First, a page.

48 Lost Days was one of five artworks made for Les Occupantes, an exhibition that took place in a Montreal apartment in 1996. Les Occupantes explored the home as a semi-permeable site.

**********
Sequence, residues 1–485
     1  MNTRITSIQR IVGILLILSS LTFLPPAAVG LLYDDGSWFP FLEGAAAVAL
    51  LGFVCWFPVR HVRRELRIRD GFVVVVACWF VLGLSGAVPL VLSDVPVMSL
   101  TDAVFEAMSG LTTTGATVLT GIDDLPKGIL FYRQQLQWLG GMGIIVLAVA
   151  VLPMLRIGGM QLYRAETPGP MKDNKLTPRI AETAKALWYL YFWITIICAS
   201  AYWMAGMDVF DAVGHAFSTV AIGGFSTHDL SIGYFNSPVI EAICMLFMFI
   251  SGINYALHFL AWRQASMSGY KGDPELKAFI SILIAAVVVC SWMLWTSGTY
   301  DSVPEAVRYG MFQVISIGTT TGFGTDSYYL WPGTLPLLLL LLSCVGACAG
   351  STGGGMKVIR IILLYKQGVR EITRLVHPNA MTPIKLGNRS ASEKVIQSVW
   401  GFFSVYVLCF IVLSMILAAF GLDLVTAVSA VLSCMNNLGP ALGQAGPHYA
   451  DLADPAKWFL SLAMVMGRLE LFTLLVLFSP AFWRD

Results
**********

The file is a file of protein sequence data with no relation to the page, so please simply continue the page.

There is a tangible difference between entering the gallery and entering a domestic space. Often devoid of character by design and ready to take on the contents of the next exhibition, galleries tend to be open spaces with white walls. If we think of such spaces in terms of an activity it is usually one of viewing. Instead of the gallery venue, an apartment in a residential neighbourhood was chosen as a site for Les Occupantes. Typical Montreal domestic architecture, especially middle income apartments built around 1900, follow a European model of a series of contiguous rooms. Such spaces are often gendered, making reference to different individuals within the family group as well as to the relative importance of their specific activities within the home. For living rather than viewing, these rooms bear traces of each successive occupant who has personalized his or her dwelling to make it into a home.
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